Los Angeles County Department of Regional Planning

Significant Ecological Areas

Conservation Planning

Increasingly, conservation plans have employed more fluid approaches to conserving the ever-increasing list of sensitive resources (e.g., endangered species, habitats of limited distribution, and “patchy” habitats such as coastal sage scrub). The previous Los Angeles County Significant Ecological Areas Study in 1976 applied a pragmatic interpretation of island biogeographic theory to its SEA delineation rationale, the primary principles for determining SEA boundaries were that: species extinction rates are lower on larger islands than smaller islands; and isolated habitat areas have less opportunity to regain species by re-colonization from other areas.

These principles have moved from theory to demonstrated fact during the intervening years, but even as the scientific community came to understand that conserving intact biotic diversity requires providing very large, physically connected parcels, land use changes were dramatically reducing the natural open space remaining within the County. When England and Nelson, authors of the 1976 SEA Study, translated the early biogeographic concepts into SEAs, for the 1980 General Plan, they did not foresee the rates of growth which have occurred within the County, and despite what seemed, at the time, to be an adequate application of the theory, they created SEAs which have over time proven to be either too small to conserve habitat biodiversity internally, and/or too distant to provide essential connectivity between them.

Recent studies of biological diversity have demonstrated that there are two essential components needed within land use plans to conserve native species and their habitats in an urbanizing environment: sufficient size (of the conservation or open space use area), and connectivity (with other like or supporting systems). Urban “islands” lose biological diversity at a fairly steady rate, commensurate with size (smaller habitat patches losing more, faster), and isolated habitat areas, regardless of size, have less opportunity to regain species by re-colonization from other areas. The distance between habitat areas, and land use within the intervening areas, also influence both the rate of loss and the potential for gain.

Based on updated evaluation principles, the revised SEAs reflect a more modern and scientifically-grounded concept regarding size and connectivity. Rather than focus on a single resource or habitat type, existing SEAs are connected into a linkage system which should greatly improve the maintenance of critical resources. SEAs are not preserves or conservation areas; rather, SEAs are areas in which planning should be sensitive to resources and maintenance of biological functions as well. By creating larger SEAs, habitat linkage zones are provided between related habitat types (such as the Antelope Valley buttes, or the San Andreas Rift Zone wetlands), and areas of sufficient width, to function as wildlife movement routes between open space areas. The linkages may serve to sustain populational genetic diversity of low-mobility species (such as plants, amphibians, reptiles, rodents), as well as provide refuge areas for migrant species.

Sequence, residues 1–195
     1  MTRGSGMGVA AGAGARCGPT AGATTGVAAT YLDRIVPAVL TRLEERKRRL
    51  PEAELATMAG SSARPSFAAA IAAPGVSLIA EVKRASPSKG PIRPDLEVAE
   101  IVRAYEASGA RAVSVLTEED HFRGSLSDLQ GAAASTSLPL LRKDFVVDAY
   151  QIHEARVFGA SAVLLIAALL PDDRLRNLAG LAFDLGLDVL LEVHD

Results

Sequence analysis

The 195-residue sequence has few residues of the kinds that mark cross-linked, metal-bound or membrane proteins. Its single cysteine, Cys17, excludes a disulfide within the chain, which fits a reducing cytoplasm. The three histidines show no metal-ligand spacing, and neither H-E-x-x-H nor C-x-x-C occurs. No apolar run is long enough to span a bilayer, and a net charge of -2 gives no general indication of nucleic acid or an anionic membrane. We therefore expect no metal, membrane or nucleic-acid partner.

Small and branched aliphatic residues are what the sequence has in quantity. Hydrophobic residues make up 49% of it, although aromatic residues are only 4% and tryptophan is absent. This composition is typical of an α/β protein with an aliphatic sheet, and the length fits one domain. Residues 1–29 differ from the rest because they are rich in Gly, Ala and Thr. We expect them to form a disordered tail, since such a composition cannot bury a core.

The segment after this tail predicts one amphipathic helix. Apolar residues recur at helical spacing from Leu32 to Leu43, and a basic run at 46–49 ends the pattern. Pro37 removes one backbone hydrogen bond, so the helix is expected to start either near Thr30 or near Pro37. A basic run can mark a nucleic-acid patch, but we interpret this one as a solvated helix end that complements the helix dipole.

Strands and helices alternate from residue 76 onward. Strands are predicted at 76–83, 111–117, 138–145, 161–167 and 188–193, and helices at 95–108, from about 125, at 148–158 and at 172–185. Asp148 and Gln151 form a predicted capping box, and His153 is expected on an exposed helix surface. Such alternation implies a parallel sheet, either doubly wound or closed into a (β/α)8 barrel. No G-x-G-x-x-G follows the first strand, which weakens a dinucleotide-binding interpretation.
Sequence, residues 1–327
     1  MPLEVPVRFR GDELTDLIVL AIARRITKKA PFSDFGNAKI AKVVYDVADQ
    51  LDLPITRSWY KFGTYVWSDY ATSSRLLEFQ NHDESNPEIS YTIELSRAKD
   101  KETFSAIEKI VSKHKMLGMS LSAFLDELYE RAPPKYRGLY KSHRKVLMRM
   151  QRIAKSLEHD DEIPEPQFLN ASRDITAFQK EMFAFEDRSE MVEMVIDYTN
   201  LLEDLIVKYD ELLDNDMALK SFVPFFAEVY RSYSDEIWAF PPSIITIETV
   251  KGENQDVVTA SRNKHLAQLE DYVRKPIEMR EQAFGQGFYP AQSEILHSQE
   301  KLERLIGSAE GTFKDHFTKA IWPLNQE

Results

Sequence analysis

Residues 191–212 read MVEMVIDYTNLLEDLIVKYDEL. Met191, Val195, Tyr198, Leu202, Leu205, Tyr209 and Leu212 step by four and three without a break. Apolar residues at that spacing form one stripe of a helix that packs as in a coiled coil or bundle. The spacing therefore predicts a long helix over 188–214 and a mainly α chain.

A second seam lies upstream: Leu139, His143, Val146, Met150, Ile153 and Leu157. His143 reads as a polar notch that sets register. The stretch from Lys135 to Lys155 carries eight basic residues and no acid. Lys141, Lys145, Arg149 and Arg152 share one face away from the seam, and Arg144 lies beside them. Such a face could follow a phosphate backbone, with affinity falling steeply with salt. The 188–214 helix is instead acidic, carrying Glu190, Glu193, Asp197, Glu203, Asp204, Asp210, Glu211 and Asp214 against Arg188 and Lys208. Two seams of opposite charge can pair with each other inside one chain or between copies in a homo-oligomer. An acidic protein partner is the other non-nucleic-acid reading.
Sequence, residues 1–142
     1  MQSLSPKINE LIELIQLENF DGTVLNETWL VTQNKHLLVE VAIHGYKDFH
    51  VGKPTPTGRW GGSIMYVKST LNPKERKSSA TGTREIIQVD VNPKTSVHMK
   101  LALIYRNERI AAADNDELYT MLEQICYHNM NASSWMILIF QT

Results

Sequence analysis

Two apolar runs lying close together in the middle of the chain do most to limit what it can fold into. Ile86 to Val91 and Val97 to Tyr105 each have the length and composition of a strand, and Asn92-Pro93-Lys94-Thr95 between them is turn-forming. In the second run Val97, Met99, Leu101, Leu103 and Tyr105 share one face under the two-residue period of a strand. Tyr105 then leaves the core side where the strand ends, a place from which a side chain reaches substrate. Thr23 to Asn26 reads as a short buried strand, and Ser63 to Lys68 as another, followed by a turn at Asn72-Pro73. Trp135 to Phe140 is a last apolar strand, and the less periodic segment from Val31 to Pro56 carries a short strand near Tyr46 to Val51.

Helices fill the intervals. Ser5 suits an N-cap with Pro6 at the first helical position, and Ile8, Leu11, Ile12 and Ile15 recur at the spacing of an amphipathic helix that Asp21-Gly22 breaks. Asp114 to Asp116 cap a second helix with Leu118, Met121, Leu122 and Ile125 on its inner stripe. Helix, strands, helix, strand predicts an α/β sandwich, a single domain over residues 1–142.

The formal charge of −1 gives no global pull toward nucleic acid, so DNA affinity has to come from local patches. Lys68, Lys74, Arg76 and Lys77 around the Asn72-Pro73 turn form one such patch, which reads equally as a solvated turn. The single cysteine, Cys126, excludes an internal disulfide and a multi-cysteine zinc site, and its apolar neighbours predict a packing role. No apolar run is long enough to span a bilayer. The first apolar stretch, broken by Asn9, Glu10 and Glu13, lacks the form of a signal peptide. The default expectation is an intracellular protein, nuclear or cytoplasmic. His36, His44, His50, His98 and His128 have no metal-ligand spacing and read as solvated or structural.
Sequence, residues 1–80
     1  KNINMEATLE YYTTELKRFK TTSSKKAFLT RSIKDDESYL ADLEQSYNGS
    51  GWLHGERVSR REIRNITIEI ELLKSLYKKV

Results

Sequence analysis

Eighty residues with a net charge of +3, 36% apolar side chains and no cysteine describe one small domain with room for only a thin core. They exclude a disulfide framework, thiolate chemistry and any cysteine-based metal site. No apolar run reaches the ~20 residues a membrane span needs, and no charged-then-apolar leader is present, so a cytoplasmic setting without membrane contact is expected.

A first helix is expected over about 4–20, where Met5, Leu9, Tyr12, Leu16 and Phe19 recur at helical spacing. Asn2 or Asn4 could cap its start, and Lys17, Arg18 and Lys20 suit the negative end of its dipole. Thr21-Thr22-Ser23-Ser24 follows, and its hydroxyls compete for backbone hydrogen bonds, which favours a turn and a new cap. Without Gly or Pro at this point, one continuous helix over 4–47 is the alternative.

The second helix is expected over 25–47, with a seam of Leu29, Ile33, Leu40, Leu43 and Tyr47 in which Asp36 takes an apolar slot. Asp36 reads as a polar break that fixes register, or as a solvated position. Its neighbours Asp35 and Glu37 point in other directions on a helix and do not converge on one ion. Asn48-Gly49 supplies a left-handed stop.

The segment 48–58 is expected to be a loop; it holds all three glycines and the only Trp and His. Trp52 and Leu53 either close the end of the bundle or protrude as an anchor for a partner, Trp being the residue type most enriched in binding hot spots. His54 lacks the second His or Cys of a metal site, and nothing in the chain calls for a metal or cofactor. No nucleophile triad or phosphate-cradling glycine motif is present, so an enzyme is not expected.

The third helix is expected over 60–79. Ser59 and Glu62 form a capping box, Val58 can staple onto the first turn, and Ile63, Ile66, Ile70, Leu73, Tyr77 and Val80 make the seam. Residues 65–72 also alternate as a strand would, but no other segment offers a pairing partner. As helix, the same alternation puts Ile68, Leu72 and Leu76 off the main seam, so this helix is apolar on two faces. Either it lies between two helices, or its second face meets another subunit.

Corridor routes provide for dispersal between habitat areas by supporting more mobile species. The need for buffer areas has also been reduced in many areas, with SEAs incorporating not only local resources (such as sensitive species) and their habitats, but also the seasonal support habitats for those species, with connections to essential sustaining resource areas (such as corridor areas and hydrological systems). Additionally, potential impacts of non-native species, feral pets, lights, noise, etc., on sensitive habitats have been alleviated to some degree by reducing the “edge effect” of urbanization relative to the overall size of the SEAs. In short, by “bridging the current SEA islands” wherever possible, zones of lower intensity human impacts between essential habitat resources have been provided, which help maintain overall species and habitat diversity in Los Angeles County.

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